A Sunwing Boeing 737-800 passenger plane prepares to land at Pearson International Airport in Toronto on Wednesday, August 2, 2017. Transport Minister Marc Garneau faced an escalating dilemma Tuesday over Boeing’s 737 Max 8 aircraft, which a growing number of countries have grounded or banned in the wake of the Ethiopian Airlines crash that killed 157 people Sunday. THE CANADIAN PRESS/Christopher Katsarov

Garneau to update Canada’s position on Boeing 737 Max 8 as pressure mounts

The U.S.-based Boeing has said it has no reason to pull the popular aircraft from the skies

Transport Minister Marc Garneau is set to update Ottawa’s position on the Boeing 737 Max 8, the aircraft that crashed in Ethiopia, and whether Canada will fall in line with other nations that have grounded the planes.

Garneau is scheduled to address Canada’s plan and safety concerns regarding the Max 8, but it’s not yet clear whether he will impose similar restrictions on the aircraft.

The update comes after Toronto-based Sunwing Airlines announced late Tuesday that it is temporarily grounding its four Boeing 737 Max 8 aircraft in the wake of the crash in Addis Ababa that killed all 157 people on board, including 18 Canadians.

Sunwing says it made the decision for “evolving commercial reasons” unrelated to safety, including airspace restrictions being imposed in other countries.

Garneau is facing an escalating dilemma over the aircraft, which is being grounded or banned by a growing number of countries after the accident that some experts have said has parallels to a Lion Air crash of the same model of aircraft in Indonesia that killed 189 people last October.

Garneau said Tuesday that he has no plans to ground Canada’s fleet of the Max 8 aircraft, but that ”all options are on the table.”

READ MORE: Much of world bans Boeing jet involved in Ethiopia crash

READ MORE: Canada considering all options on Boeing plane involved in fatal crash

Lebanon and Kosovo barred the aircraft from their airspace today, and Norwegian Air Shuttles said it would seek compensation from Boeing after grounding its fleet. Egypt banned the operation of the aircraft.

The U.S.-based Boeing has said it has no reason to pull the popular aircraft from the skies and does not intend to issue new recommendations about the aircraft to customers.

Earlier Tuesday, authorities from more than half a dozen countries and regulators, including the European Union Aviation Safety Agency (EASA), announced grounding orders or airspace bans on the aircraft.

By Tuesday evening, dozens of airlines had grounded the Max 8, leaving the majority of the nearly 390 Max 8s currently in service around the world confined to the hangar.

Air Canada, along with Southwest and American Airlines, are the major outliers.

Air Canada has 24 Max 8 aircraft, which it uses mainly for domestic and U.S. routes, while Calgary-based WestJet Airlines Ltd. has 13 Max 8s.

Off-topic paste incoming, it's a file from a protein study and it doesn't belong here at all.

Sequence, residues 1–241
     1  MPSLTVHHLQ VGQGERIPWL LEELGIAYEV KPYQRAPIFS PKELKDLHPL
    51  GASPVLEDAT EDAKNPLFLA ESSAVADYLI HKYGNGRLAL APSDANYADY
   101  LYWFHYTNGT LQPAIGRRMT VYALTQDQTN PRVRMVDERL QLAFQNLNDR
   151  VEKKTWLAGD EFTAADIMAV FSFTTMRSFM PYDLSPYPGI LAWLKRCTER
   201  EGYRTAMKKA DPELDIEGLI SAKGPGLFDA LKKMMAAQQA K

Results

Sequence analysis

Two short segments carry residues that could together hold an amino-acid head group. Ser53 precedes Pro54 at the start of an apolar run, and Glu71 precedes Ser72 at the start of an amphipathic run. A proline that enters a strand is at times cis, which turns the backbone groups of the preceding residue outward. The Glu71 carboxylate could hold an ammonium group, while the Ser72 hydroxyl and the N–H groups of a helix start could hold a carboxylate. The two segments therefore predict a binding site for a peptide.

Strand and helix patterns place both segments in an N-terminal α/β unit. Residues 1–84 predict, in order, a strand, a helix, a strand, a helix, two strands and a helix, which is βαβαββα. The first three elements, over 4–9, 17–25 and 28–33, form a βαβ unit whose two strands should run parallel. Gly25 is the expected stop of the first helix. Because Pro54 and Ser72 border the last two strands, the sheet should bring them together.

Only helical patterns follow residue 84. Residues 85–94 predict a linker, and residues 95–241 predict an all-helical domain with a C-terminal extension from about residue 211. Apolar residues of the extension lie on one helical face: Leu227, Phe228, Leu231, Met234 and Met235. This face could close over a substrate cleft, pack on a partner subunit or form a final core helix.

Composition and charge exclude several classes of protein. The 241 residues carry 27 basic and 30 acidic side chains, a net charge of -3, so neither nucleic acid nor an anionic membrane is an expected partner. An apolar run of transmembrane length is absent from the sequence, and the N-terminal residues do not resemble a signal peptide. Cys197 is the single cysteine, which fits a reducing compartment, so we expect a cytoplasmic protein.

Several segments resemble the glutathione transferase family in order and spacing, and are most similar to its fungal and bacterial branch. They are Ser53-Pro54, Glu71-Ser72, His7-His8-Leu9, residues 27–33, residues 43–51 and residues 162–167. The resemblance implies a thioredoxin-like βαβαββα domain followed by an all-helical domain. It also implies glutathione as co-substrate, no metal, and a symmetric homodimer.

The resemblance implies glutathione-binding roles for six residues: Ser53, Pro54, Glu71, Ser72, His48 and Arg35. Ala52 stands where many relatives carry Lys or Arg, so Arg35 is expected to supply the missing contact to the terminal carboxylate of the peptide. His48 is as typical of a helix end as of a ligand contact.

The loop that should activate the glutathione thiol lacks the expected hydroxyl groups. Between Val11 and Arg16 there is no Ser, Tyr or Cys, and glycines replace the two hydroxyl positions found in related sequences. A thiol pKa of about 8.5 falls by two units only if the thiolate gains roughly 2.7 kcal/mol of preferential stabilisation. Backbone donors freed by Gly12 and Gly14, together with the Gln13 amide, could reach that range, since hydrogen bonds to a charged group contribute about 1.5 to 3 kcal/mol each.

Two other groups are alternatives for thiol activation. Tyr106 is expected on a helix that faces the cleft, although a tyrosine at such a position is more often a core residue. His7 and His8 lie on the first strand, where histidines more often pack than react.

The Canadian Press


Like us on Facebook and follow us on Twitter.

Just Posted

Chilliwack’s pediatric observation unit gets financial shot from trades workers

Unions and contractors donate more than $30,000 to Fraser Valley Health Care Foundation

Missing woman last seen downtown Chilliwack in late April

Family concerned for Rebecca Lynne Sackley’s well-being

Chilliwack prolific offender arrested after four months on the lam

B.C.-wide warrant issued for David Allen Geoghegan in January

Two week lock down lifted for Kent Institution

A search at the prison found nearly 26 grams of hashish and a cellphone

Harrison Hot Springs to partner with Sts’ailes for reconciliation event

The event will be funded by a grant meant to build dialogue between cities and local First Nations

Kelowna toddler suffers cracked skull after fall from balcony

Neighbour who found the two-year-old boy said he has a bump the size of a golf ball on his head

Improve your life and theirs, adopt a cat from the BC SPCA

The BC SPCA holds an adult cat adoption promotion

RCMP target speeders between Abbotsford and Surrey in month-long blitz

Officers throughout the province launch Swoop campaign

RCMP probe if teen was intentionally hit with ski pole by mystery skier on B.C. mountain

The incident happened on March 20 on Grouse Mountain. Police are urging witnesses to come forward

Support growing for orphaned Okanagan child after father dies in highway crash

Family thanks emergency crews for assistance in traumatic incident

Pipeline protester chimes in on Justin Trudeau’s B.C. fundraising speech

The government purchased the Trans Mountain pipeline and expansion project for $4.5 billion

Baby boom seniors putting pressure on B.C. long-term care: report

B.C. leads Canada in growth of dementia, dependence on care

UPDATED: B.C. man says he’ll take People’s Party lawsuit as far as he can

Federal judge shut down Satinder Dhillon’s ‘nonsensical’ motion to bar use of PPC name in byelection

Most Read